Thus the authors advise people to do stretching exercises along with routine walks.

Dr Chilibeck said:

“I don’t want people to come away from our research thinking they shouldn’t be doing some form of aerobic activity.

Things like walking, biking, or cross-country skiing all have a positive effect on body fat, cholesterol levels, and blood sugar.”

Dr Chilibeck assumes yoga or a shorter stretching session than 30 minutes, if focused on the leg muscles, especially the hamstrings and quadriceps, would produce a similar effect on lowering blood pressure as found in the present study.

Dr Chilibeck said:

“The beauty of stretching is that it’s so easy to incorporate into a person’s daily routine.

You’re not at the mercy of the weather and it’s easy on your joints—a big plus for people with osteoarthritis.

And it doesn’t require a big commitment of time, another barrier to exercise for many people.

When you’re relaxing in the evening, instead of just sitting on the couch, you can get down on the floor and stretch while you’re watching TV.”

The study was published in the  Journal of Physical Activity and Health (Ko et al., 2020).

High Blood Pressure: One Fun Activity That Treats Hypertension

High blood pressure — known to doctors as hypertension — is a risk factor for heart disease.

High blood pressure — known to doctors as hypertension — is a risk factor for heart disease.

Single women who take part in regular social activities have lower blood pressure, research finds.

However, social isolation and loneliness increase the risk of high blood pressure in women.

High blood pressure — known to doctors as hypertension — is a risk factor for heart disease, which is the leading cause of death among women.

The study found that widowed, socially inactive women living on their own were at the highest risk of hypertension.

Dr Annalijn Conklin, study co-author, said:

“Among older adults, social isolation is the largest known risk factor for mortality, equal only to smoking.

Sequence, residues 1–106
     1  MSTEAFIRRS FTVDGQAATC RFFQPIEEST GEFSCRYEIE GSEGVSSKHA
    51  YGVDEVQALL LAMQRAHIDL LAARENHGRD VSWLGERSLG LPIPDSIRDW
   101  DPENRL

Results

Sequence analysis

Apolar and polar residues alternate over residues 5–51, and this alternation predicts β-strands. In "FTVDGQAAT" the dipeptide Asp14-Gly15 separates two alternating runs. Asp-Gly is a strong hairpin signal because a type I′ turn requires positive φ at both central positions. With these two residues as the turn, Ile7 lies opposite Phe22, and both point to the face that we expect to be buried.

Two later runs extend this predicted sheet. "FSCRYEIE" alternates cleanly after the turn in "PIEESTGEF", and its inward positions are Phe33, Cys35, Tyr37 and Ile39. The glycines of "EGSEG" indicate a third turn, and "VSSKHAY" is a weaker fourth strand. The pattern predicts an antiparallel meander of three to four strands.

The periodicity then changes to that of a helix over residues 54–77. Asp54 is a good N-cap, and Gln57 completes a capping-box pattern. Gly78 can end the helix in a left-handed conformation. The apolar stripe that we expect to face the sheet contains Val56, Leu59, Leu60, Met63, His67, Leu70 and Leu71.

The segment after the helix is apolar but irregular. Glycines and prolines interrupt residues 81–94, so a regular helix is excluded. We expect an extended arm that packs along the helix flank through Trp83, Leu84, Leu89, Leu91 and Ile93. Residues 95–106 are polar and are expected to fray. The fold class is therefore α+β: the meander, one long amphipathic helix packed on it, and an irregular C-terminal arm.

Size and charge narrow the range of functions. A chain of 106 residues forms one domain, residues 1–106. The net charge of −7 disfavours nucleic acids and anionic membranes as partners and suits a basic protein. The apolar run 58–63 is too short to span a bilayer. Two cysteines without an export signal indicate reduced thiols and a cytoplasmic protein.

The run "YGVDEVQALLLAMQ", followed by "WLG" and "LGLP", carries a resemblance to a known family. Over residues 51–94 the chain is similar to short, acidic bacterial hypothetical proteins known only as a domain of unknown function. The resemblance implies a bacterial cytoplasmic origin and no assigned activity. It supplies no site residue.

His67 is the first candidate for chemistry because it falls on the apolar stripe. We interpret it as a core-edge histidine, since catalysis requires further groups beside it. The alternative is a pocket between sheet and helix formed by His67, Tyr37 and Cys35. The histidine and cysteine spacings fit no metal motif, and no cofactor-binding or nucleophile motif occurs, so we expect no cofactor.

Less well known is how social isolation affects men and women differently, or how it affects biomarkers of longevity.

Our research indicates that women, in particular, are more likely to be hypertensive when they experience isolation in middle and older age.”

The study included data from almost 30,000 people aged 45 to 85 in Canada.

The results showed that women without a partner who had fewer than three social activities per month were at the highest risk of hypertension.

Dr Conklin said:

“Among women, the increase in blood pressure that was associated with the lack of social ties was similar to that seen with non-steroidal anti-inflammatory use, increased sodium diets pollution or weight gain.

This represents a significant women-specific risk factor for heart disease or stroke.”

Among men, the results were quite different.

Those who had a large social network and shared their home with others had higher blood pressure.

Men who lived alone and had fewer social ties had lower blood pressure.

Dr Conklin said:

“Taken with our previous research, our new findings underline how social isolation affects health in men and women differently.

At a time when COVID-19 is forcing us to limit our social interactions, it’s important for those working in health care and public health to encourage older women, in particular, to find new ways to be socially active.”

The study was published in the Journal of Hypertension (Zeinab et al., 2020).

These Blood Pressure Meds Fight Memory Loss

Almost half of Americans are living with high blood pressure and it is a risk factor for cognitive decline and dementia, along with other diseases.

Almost half of Americans are living with high blood pressure and it is a risk factor for cognitive decline and dementia, along with other diseases.

Two types of blood pressure medications are linked to better memory over time, a review of the research reveals.